To take in the best of the Nordic art scene, head out of Helsinki and into the countryside.
It’s been a big year in Helsinki’s art world. The Finnish capital is wrapping up its second Biennial and celebrating the 150th anniversary of its Design Museum. But even frequent visitors may not know that some of the country’s most inspiring cultural attractions lie just outside the city.
In April, Chappe opened in the bayside town of Ekenäs, about an hour’s drive west of Helsinki. Billed as “an art house by the sea,” it was conceived and funded by the prominent Finnish geneticist Albert de la Chapelle, who died in 2020. The architecture firm JKMM — the same team behind Helsinki’s popular Amos Rex museum — created a bright space with high, timber-lined ceilings. It’s perfect for large-scale contemporary exhibitions like “Climate & Art — Alternative Approaches,” one of the opening shows, which includes mixed-media photography and sound installations.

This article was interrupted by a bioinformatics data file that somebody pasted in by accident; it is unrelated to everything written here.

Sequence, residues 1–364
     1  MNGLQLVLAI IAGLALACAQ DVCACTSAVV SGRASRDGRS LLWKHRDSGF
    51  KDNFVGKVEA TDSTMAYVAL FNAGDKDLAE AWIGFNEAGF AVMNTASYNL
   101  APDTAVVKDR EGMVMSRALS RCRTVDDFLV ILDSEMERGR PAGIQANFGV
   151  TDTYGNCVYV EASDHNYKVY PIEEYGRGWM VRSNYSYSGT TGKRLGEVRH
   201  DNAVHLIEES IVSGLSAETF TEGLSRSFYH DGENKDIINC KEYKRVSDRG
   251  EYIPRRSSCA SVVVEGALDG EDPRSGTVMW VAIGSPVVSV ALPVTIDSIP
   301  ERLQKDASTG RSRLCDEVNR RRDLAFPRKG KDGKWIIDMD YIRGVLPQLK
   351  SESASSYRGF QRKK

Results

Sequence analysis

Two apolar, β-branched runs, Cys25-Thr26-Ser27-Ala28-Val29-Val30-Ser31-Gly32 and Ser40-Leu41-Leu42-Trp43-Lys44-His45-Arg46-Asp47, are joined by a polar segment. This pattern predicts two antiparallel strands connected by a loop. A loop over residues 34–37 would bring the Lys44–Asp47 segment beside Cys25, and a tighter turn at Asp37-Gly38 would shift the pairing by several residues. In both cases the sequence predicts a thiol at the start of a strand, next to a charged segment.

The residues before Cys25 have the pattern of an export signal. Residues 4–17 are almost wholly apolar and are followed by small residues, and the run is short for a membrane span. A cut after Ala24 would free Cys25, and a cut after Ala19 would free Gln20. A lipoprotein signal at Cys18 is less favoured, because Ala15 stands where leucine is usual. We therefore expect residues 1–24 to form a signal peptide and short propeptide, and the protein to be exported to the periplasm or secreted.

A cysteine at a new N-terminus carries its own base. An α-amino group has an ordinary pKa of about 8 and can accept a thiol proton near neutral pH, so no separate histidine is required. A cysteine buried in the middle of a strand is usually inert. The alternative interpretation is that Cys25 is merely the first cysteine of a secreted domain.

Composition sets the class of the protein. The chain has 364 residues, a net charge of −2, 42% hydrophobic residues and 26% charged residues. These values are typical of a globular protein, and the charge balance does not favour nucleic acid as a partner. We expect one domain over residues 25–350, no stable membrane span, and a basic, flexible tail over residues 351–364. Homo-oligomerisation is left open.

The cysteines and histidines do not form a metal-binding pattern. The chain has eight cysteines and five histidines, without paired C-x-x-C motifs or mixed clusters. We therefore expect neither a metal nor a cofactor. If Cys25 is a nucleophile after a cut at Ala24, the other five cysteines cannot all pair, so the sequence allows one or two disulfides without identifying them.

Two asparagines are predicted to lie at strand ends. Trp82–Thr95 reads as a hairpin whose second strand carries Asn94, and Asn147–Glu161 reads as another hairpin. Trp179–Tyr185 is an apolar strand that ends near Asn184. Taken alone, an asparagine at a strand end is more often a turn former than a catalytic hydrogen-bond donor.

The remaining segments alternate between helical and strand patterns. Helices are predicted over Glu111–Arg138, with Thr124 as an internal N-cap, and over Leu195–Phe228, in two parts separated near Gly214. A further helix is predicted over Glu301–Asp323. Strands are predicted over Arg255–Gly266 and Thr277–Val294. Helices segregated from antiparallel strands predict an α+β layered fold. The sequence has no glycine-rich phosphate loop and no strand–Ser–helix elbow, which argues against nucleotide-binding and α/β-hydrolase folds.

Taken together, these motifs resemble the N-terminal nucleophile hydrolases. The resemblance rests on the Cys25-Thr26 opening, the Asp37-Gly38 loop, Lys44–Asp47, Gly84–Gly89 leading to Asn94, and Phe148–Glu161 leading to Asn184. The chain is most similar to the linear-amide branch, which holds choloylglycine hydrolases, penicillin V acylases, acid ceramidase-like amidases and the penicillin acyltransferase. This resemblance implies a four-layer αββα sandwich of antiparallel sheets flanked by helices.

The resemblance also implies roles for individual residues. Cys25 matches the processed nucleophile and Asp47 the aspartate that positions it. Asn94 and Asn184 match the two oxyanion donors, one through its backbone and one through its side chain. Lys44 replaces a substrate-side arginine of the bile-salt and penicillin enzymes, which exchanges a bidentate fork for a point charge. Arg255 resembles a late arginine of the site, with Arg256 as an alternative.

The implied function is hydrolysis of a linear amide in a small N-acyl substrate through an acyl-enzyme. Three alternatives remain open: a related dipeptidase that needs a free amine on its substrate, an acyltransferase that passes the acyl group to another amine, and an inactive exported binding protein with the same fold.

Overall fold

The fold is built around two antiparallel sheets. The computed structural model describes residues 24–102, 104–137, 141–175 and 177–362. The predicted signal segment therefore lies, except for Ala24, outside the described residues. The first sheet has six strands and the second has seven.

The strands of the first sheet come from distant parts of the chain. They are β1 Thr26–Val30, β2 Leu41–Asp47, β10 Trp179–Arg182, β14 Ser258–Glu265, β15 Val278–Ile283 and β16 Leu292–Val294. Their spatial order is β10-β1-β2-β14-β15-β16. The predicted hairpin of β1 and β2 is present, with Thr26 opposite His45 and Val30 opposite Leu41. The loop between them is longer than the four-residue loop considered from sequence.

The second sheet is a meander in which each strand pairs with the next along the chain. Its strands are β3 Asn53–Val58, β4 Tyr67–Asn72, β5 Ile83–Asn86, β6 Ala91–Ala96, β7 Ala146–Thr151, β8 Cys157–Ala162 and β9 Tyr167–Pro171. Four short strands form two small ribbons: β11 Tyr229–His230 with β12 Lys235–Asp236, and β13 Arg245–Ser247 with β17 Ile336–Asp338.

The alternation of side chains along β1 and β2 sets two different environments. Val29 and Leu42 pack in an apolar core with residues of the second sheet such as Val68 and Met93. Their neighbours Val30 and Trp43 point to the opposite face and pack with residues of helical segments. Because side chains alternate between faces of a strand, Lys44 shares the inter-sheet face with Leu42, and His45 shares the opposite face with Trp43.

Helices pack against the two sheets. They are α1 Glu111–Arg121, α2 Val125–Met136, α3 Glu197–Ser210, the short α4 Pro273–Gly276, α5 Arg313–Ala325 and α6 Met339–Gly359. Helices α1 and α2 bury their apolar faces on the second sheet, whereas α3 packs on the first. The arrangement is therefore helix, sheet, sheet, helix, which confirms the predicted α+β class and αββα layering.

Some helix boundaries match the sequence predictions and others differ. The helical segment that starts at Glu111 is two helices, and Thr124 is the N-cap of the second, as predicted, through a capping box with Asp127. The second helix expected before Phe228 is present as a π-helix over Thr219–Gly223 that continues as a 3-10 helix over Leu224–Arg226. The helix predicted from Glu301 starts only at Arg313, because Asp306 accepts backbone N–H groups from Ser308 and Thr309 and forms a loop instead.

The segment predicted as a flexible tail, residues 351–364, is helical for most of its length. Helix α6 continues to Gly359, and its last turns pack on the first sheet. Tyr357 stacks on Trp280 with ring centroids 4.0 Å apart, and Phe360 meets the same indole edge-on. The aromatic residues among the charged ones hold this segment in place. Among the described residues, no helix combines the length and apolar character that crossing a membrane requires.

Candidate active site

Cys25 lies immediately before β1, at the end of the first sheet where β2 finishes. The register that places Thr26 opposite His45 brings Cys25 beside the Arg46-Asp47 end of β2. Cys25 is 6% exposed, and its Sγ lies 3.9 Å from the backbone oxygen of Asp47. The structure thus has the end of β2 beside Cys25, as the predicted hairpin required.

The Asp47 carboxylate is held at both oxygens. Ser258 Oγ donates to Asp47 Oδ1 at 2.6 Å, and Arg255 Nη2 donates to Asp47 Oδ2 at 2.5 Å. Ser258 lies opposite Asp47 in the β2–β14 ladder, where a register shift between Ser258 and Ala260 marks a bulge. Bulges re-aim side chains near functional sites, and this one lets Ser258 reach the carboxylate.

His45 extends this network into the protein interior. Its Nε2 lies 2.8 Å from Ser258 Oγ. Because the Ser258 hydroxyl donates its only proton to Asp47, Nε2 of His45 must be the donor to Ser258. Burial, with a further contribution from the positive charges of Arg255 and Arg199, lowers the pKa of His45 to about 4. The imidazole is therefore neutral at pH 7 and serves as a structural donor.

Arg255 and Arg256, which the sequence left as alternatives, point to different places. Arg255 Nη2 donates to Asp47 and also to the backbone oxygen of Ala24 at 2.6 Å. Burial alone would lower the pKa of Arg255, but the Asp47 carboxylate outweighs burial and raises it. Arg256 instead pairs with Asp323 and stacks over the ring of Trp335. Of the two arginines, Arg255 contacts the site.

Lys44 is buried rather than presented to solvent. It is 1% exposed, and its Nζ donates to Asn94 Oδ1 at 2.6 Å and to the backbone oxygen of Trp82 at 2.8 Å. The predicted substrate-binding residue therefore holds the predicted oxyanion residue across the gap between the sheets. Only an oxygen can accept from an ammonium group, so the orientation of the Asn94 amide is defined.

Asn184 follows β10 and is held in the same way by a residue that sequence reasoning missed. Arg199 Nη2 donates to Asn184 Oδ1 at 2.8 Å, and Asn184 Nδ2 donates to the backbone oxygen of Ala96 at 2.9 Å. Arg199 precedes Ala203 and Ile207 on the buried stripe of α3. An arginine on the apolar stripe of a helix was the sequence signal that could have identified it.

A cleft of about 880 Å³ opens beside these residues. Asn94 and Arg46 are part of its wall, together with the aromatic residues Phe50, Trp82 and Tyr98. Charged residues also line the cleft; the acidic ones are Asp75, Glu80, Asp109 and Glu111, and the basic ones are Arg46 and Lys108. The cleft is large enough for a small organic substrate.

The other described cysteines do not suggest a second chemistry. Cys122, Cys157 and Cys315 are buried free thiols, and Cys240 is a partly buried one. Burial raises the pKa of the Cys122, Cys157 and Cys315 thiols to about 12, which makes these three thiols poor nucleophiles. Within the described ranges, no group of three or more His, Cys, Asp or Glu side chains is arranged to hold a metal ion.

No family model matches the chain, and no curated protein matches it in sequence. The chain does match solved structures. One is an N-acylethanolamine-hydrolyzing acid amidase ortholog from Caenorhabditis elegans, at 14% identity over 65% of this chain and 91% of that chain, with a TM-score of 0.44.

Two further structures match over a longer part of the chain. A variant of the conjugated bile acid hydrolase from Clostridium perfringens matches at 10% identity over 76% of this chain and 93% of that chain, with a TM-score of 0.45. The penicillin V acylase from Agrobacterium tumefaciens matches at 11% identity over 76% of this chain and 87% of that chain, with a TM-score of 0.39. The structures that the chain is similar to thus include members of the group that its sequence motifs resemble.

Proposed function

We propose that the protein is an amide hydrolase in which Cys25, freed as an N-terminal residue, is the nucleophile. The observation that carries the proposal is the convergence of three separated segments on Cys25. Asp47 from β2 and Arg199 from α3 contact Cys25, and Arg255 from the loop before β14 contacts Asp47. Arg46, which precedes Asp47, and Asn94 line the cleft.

Thirty minutes’ drive north of Ekenäs is Fiskars, a former ironworks village that’s known for its namesake orange-handled scissors. Now home to more than a hundred artisans, many of whom belong to the cooperative Onoma, the town draws 200,000 visitors every year. To meet demand, boutique hotel the Torby opened in a former paper factory in June, with lighting and furniture provided by Finnish designers.
Since 2019, Fiskars creators have organized the Fiskars Village Art & Design Biennale, bringing together both local and international artists in pop-up exhibitions. The next one takes place in May 2024, but the designers operate their shops year-round. At Jalo, goldsmith Timo Mustajärvi recycles old jewelry into custom pieces. You’ll find imaginative leather jewelry and bags by Leanika Korn at Leanika, while at Bianco Blu, glass artist Tarmo Maaronen sells quirky figurines and holds glassblowing workshops. One of the best places to pick up a souvenir for home is the Fiskars Shop, which also features Finnish manufacturers like the pottery house Arabia, the cutlery maker Hackman, and the glassware brand Iittala.
Source: Travel Leisure